A new, long-view study of climate and the oceans suggests that, as a result of rising global temperatures, the world’s fisheries could be, on average, 20 percent less productive by the year 2300, with those in the North Atlantic down nearly 60 percent.
In a study published last week in the journal Science, University of Virginia climate and ocean scientist Scott Doney and researchers at the University of California-Irvine outlined the results of computer simulations showing a world subjected to nearly three centuries more of global warming. This will be characterized by a 17-degree increase in mean surface air temperature – nearly 10 times the warming that has occurred to this point since the beginning of the Industrial Age. The projected climate warming will drastically alter wind patterns, boost ocean surface temperatures and melt nearly all the sea ice in polar l-regions.
As a result, ocean circulation around Antarctica will change, resulting there in increased growth of phytoplankton – the basis of ocean food chains – which will suck off nutrients that otherwise would flow north to latitudes nearer the equator, where large human populations harvest marine life. The changes in ocean circulation also will reduce the normal upward flow of nutrients in low-latitude l-regions, further starving the food chain.
“We depend on a healthy, productive ocean for so many benefits, including marine fisheries and aquaculture, which support the livelihoods for more than one in 10 people worldwide and the protein supply of nearly one in five people,” said Doney, UVA’s Kington Professor of Environmental Change.
There are three key factors driving increased phytoplankton growth around Antarctica, according to the study’s authors: the long-term warming trend in the oceans, the changes in winds brought on by global climate warming and, most significantly, the near-elimination of sea ice along the coast of Antarctica.
“Without the floating ice, which blocks much of the light today, you get increased photosynthesis,” said J. Keith Moore, the study’s lead author and an Earth system scientist at Cal-Irvine. “Combined with warmer ocean temperatures throughout the year, this leads to a longer growing season and faster plankton growth rates. Stronger winds drive increased upwelling, bringing nutrients to the surface, resulting in higher nutrient concentrations and more plankton growth near Antarctica.”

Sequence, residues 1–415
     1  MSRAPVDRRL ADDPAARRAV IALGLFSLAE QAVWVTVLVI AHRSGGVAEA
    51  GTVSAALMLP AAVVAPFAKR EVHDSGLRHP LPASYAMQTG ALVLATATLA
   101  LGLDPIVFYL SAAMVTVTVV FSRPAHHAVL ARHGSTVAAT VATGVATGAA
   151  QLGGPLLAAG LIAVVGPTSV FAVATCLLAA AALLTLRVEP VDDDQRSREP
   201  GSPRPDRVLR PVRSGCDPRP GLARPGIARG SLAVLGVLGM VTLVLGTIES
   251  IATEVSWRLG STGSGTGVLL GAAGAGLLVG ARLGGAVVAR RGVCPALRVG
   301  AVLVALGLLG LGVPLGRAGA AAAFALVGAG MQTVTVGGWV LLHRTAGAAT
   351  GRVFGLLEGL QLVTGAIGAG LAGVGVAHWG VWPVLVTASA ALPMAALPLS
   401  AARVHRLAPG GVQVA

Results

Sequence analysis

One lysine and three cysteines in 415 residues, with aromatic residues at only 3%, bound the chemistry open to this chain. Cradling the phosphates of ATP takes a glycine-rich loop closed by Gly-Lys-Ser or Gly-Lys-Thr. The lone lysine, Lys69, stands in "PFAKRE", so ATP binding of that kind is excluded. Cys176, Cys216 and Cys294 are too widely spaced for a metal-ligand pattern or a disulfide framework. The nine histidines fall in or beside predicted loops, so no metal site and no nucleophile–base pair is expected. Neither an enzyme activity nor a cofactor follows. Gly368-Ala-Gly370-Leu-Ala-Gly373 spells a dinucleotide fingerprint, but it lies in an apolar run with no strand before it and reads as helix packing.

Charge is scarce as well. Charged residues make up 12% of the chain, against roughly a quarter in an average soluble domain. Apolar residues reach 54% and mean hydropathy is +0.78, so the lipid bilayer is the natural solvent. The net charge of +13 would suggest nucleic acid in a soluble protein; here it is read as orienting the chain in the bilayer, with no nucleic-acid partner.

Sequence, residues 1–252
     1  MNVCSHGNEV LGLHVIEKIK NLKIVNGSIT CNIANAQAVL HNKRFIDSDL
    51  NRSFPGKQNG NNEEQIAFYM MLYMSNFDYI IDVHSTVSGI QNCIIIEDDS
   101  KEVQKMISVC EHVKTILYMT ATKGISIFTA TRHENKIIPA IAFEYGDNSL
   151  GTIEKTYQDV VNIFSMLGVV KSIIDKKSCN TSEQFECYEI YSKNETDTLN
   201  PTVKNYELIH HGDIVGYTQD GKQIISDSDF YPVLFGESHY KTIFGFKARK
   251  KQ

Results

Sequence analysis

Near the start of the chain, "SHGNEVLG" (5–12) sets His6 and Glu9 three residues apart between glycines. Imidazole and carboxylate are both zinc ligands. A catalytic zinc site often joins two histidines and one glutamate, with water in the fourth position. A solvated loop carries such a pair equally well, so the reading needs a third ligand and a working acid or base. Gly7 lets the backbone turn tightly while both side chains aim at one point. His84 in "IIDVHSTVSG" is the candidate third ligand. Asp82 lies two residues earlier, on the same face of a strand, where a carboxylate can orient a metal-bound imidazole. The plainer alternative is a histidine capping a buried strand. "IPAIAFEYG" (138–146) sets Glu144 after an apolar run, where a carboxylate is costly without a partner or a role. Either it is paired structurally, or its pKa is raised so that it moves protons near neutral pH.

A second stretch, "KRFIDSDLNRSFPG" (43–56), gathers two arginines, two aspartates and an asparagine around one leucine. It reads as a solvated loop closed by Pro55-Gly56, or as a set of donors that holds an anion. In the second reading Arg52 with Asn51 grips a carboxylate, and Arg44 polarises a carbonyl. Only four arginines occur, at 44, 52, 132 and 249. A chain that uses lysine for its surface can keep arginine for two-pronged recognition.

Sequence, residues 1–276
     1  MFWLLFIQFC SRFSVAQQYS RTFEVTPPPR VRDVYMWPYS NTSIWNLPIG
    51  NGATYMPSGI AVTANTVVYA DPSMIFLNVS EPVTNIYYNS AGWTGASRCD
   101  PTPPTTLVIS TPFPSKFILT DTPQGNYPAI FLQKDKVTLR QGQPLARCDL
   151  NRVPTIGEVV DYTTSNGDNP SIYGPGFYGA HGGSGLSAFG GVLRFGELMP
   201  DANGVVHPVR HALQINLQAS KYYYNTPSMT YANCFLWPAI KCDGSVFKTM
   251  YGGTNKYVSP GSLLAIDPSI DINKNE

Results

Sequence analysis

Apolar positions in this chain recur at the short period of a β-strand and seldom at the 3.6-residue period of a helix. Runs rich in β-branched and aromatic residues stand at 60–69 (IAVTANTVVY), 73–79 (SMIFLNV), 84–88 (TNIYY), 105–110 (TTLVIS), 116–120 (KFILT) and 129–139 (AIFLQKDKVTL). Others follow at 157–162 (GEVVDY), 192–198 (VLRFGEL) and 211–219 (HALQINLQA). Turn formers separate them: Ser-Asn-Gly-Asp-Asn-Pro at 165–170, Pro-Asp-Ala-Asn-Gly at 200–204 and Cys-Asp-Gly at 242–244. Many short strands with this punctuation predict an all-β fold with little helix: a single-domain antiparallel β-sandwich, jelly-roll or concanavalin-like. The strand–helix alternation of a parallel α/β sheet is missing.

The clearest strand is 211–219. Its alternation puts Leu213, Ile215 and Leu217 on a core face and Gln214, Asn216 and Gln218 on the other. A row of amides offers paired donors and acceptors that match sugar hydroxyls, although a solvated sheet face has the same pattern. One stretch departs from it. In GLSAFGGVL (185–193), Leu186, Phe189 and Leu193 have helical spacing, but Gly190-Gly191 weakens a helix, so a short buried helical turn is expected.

Nitrogen and phosphorus are two of the key nutrients that support phytoplankton growth in the ocean. As these elements are increasingly depleted everywhere to the north, phytoplankton populations will decline, and the scarcity reverberates up through the food chain, ultimately affecting the fish that humans catch and eat. Doney and his fellow researchers used an empirical model linking plankton growth to present-day fish catches, and then factored in dwindling nutrients and plankton populations due to climate warming in the coming centuries.
“The climate model simulations highlight how the global ocean is interconnected,” Doney said. “In a warming ocean, nutrient trapping in the Southern Ocean alters marine ecosystems and fisheries all around the world.”
The researchers emphasized the importance of looking further into the future with climate models, something that isn’t often done because of the computational resources such modeling requires. Months of computations using thousands of central processing units were used to simulate the climate and oceans up to the year 2300. But stopping climate studies at the end of our current century – as scientists and thereby policymakers commonly do – is insufficient given the amount of time it takes for the ocean to absorb and respond to heat being trapped by the Earth’s atmosphere today.
“Dramatic ocean climate change and fishery collapse is not inevitable, but depends on the choices we make today about our use of energy and emissions of carbon dioxide to the atmosphere,” Doney said. “We have the opportunity to maintain a healthy ocean and sustainable fisheries.”